A thought kept occurring to me while watching Steven Spielberg’s READY PLAYER ONE: what would a director like Paul Verhoeven have done with this material? The movie would certainly have had more bite. Spielberg isn’t prepared to step over that line into satire. As usual he focusses instead on the emotional content and the wonder of the visual, which is fine. Just fine.
In a dismal future ruled by tech corporations, the commoner’s only escape is the OASIS, a near-infinite virtual pop culture adventure. When the creator of the OASIS, James Halliday (Mark Rylance) dies and bequeaths his company and his creation to whoever can complete a series of knotty challenges that delve into hist past, young hopeful Wade Watts (Tye Sheridan) steps forward…
Not a lot of extra thought seems to have been put into the world outside the OASIS simulation. It’s just a generic Big Business-run dystopia where the rich have become richer and the poor live in boxes. Do the underclass work? How do they live? Given the amount of time everyone spends in the virtual plane, has the OASIS become the basis of the world economy? We see pizza delivery by drone and the police turn up at the end so presumably some people not in the tech industry still have regular jobs. All these questions and more will remain unanswered, because this is (admittedly appealing) surface-level world-building only.
I would have liked to have taken a deeper dive into why players pick the avatars that they do, why some play as themselves with different hair and/or brandishing a famous piece of pop culture ephemera and others completely reinvent themselves. At one point one of the lead character avatars changes to reflect self-acceptance, but there’s certainly more room to run with this idea and enrich the characters. The characters in general seem like placeholders and don’t really connect despite some of the cast’s best efforts (Olivia Cooke and Rylance stand out).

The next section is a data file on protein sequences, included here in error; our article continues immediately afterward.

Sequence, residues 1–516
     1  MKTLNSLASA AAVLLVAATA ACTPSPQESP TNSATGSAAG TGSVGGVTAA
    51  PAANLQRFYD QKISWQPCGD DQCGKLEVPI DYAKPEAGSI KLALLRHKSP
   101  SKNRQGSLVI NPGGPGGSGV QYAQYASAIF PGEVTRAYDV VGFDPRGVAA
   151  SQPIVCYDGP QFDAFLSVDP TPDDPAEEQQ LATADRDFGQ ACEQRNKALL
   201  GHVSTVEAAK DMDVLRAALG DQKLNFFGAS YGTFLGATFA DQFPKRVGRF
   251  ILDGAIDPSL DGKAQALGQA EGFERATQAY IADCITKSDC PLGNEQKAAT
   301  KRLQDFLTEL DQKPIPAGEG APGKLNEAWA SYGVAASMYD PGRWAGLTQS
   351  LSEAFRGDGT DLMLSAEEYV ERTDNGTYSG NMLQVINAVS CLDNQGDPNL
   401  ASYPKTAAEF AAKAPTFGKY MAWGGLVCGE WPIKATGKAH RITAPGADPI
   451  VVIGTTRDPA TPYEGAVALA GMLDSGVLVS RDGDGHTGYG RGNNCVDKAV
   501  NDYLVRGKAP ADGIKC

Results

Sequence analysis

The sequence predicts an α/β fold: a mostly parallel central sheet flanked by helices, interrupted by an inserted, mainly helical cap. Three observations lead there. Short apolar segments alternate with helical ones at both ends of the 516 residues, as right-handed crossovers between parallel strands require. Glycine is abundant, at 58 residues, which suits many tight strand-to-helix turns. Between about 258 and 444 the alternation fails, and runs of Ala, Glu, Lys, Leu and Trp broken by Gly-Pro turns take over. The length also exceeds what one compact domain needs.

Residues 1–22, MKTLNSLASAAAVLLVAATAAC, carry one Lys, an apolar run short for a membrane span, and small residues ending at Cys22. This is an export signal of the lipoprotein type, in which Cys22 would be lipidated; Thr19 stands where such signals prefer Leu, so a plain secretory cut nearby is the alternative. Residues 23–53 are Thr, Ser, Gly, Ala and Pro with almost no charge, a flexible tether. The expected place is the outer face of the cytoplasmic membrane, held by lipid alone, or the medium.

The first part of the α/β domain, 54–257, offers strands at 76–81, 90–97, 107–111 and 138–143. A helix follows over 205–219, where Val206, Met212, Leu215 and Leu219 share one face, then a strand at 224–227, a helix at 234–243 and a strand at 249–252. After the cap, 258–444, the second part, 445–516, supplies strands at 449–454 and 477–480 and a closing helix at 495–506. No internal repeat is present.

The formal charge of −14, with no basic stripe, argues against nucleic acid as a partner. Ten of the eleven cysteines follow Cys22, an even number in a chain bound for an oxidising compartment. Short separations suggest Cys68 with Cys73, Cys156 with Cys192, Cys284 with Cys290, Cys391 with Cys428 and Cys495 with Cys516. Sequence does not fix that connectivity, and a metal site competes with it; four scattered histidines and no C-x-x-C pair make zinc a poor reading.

Little to no critique of the film industry is in evidence (Spielberg doesn’t crap where he eats) but mostly it’s about how the games industry is being corrupted. Sorrento’s spitballing of ideas to make his games more profitable at players’ expense basically summarises everything wrong with AAA games publishers’ business practices today.
Pop culture references are a little laboured at first, but by the time a key (and poignant, given Spielberg’s relationships) film sequence is recreated they become far more satisfying. The film they choose for this set piece is surprising, and pushes the boundaries of 12A certification to the extent I worried a little about how well the younger audience members at my screening would be sleeping that night.
The “dump the whole toy box on the floor” fun of the finale gave me the same beaming grin, for the same reasons, as THE LEGO BATMAN MOVIE. There is at times a but too much visual information on screen at once to process, which may be intentional, the first reveal of the OASIS is probably supposed to be overwhelming to the senses, the whole thing designed to be something to be rewatched time and time again to play nerd culture bingo (or a killer drinking game). I’d like to think I got 80% of the references that I saw, and Warner Bros have some great property to draw on, with Spielberg calling in favours elsewhere to fill out the background characters. It seems like they desperately wanted Disney/Lucasfilm to let them borrow one of their icons (STAR WARS is a glaring omission in Halladay’s obsessions), but there is more than enough American and Japanese cross-over pop culture to populate this world as it is.
Ready Player One isn’t top-tier Spielberg, but there’s plenty to enjoy. It’s not deep, it’s not complex, but it presents its vibrant pop culture cornucopia in an appealing way, a way which is a lot more compelling if you stop over-analysing it. Not the most nourishing of cinematic meals, but a very tasty one nonetheless. SSP